18. I placed a cache near a tree in Eagle Creek Park, Indianapolis, that has an inscription on it that is credited to be Daniel Boone's. The cache had to be archived when the park changed it's caching policy, and when I tried to comply and have it relisted, they said no, becasue that poor tree was a danger to passing hikers (it was right on the trail's edge) and they took it out shortly after it was archived. There used to be a plaque at the tree to tell of it's history, but it was stolen (or just fell off, depending on who you talk to.) The park service said they were planning on preserving the inscription part of the tree and putting it on display in the nature center. Don't know if they did that or not. here are pics of the tree and the inscription: Daniel Boon's Graffiti The ancient beech tree: The inscription:
  19. Mounds State Park in Anderson is a very nice, caching friendly park with great history. But there's a park entrance fee ($4, $5 on weekends.) Here's a cache there, so you can bring up the map and see what's there: Not Quite an Almond Joy If you'd like a free venue, Cool Creek Park in Carmel, IN, is on the far north side, 151st St at Meridian, so it's sorta halfway between Indy and Muncie. It's a great wooded park with nice trails along a creek. Here's a reference cache there: Shady Path Grins, -2qwerqE
  20. OK, here are the first 4 caches in the series: J's Broken Foot Series FTF has already been claimed on all of them. Sorry bout that, J&K.
  21. Sure, why not? Thanks to D Able Cachers, cajitracks, Rinkey and Jim Honey, and Bad Majec, who have all emailed me with their intent to place 'J's Broken Foot Series' caches.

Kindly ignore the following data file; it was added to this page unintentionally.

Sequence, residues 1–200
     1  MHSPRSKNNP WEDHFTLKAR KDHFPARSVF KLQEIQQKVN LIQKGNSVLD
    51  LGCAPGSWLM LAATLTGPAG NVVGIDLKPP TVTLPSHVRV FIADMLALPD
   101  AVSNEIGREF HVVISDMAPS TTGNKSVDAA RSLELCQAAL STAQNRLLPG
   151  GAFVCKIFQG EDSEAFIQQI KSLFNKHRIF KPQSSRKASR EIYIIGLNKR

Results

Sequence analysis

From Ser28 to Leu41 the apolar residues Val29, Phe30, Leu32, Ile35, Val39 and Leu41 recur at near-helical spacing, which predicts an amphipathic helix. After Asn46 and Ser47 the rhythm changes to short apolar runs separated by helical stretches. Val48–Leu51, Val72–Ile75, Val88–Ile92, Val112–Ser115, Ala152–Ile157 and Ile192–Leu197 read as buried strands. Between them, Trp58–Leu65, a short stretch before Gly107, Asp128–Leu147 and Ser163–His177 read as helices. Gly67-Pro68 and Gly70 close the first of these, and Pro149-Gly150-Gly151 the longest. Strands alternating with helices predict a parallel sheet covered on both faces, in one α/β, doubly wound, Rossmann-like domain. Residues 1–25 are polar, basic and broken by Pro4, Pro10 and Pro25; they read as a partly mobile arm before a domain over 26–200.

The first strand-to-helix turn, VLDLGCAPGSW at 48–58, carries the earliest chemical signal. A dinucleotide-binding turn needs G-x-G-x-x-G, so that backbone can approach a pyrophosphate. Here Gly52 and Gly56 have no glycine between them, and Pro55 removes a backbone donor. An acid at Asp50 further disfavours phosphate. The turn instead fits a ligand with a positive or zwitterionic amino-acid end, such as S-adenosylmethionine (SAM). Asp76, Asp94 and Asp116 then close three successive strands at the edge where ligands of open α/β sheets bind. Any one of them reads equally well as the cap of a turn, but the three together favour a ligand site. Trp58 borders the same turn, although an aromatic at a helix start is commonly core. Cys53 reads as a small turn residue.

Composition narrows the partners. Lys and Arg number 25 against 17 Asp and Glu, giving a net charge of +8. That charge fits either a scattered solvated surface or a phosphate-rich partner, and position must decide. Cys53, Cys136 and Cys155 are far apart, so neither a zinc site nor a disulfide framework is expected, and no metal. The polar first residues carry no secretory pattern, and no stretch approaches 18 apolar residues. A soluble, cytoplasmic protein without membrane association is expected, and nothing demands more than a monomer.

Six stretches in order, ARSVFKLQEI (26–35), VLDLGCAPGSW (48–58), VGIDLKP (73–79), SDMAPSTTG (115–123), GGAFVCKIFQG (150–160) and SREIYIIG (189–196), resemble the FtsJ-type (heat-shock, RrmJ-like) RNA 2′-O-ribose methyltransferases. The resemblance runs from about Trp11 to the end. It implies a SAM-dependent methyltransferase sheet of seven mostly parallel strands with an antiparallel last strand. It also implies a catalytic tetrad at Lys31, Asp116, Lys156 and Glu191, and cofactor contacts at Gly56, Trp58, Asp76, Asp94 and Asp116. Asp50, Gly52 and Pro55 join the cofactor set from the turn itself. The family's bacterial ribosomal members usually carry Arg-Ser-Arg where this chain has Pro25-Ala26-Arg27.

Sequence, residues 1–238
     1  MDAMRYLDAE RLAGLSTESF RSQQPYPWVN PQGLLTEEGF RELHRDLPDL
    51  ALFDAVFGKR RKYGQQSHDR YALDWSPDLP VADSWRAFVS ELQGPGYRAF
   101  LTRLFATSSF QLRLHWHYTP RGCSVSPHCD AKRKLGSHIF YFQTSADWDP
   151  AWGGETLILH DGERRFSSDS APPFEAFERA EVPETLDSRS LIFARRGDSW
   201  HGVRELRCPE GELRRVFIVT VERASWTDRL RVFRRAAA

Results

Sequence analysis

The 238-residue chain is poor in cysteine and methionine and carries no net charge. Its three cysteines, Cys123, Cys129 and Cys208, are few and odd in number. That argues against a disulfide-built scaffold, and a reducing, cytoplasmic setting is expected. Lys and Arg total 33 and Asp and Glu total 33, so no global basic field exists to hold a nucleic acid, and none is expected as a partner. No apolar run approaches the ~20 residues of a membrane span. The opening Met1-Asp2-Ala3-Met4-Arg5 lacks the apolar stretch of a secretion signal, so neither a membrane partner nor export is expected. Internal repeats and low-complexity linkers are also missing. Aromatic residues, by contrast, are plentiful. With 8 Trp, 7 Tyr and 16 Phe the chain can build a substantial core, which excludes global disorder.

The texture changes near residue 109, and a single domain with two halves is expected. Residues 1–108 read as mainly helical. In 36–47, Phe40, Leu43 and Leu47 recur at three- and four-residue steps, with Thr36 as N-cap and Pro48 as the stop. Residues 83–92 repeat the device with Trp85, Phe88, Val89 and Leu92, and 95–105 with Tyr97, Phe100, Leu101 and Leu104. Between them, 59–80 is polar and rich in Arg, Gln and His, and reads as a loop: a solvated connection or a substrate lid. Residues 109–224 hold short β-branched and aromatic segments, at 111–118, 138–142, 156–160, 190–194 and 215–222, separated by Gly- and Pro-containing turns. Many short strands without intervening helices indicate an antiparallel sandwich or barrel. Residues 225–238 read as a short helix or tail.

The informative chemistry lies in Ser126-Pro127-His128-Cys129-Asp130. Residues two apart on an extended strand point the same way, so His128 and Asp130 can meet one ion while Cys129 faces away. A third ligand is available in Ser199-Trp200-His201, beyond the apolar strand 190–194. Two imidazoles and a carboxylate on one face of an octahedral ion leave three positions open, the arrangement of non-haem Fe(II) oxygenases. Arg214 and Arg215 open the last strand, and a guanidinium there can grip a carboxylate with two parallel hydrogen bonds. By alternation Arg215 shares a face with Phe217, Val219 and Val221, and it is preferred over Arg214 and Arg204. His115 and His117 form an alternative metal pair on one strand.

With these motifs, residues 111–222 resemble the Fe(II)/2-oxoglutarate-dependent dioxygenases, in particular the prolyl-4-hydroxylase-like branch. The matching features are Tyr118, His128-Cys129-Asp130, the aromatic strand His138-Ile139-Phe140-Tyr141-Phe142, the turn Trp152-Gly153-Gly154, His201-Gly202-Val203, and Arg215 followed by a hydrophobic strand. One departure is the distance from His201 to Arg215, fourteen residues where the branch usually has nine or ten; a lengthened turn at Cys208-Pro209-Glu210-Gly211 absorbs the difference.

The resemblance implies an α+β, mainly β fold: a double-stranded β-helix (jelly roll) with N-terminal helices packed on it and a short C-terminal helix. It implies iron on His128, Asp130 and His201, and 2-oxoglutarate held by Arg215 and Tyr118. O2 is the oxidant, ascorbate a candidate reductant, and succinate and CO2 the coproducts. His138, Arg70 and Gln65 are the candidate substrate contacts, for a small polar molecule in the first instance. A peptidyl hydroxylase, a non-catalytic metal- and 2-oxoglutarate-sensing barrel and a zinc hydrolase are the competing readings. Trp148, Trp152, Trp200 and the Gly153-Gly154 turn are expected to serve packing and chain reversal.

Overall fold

22. The first four caches in the 'J's Broken Foot Series' are awaiting approval and should post any time. Three other cachers have emailed me to say that they plan on adding to the series. Any more takers? C'mon, kids. J&K are prodigious cachers and have done everything that's already out there on local asphalt paths. Let's give an old gimpy friend a day in the sun. Think of your own agonizing withdrawal if you were similarly sidelined. (Sorry, Jerry!) -2q
  23. Hi, gang. Saturday, Jerry (Team J&K) broke his foot and sprained his ankle at Tennison's 'Fisher's Challenge #3' cache. He fell out of a tree at a height of about 9 feet, into a rocky creekbed. I have an idea, and am seeking local caching talent for a series in his honor. And Karen's too, of course, because they always cache together. Tonight, I will place a couple of new caches (along a new asphalt trail just south of Eagle Crk Park entrance) called 'J's Broken Foot Series.' They will be 1:1's, or maybe 1.5's since Karen can help him seek. But the point is to make them on a flat, wheelchair friendly trail like the Monon or Pleasant Run Pkwy. He has a wheelchair and Karen says he's already getting restless. If you would like to help, it's easy: 1. place a new cache in a very wheelchair easy place around Indy. 2. Name it 'J's Broken Foot Series: Whatever' (that way, no one needs to keep track of #'s. 3. In the description, just state that it's for Jerry and his broken foot, and link to the cache description page that Karen wrote of his accident.: http://www.geocaching.com/seek/cache_detai...aa-3b220ac9125d It may be a little while until he's ready and able to play, so we have time. Let's see if we can't make him feel a tad better. Grins, 2q
  24. Two fawns, twins, I guess, at a cache I placed in Morgan Monroe State Forest, Indiana.
  25. OK, but how do you decide what cache to put it at, and how do you know if the pics it takes are of the maggot or just an everyday humb;e cacher seeking your find?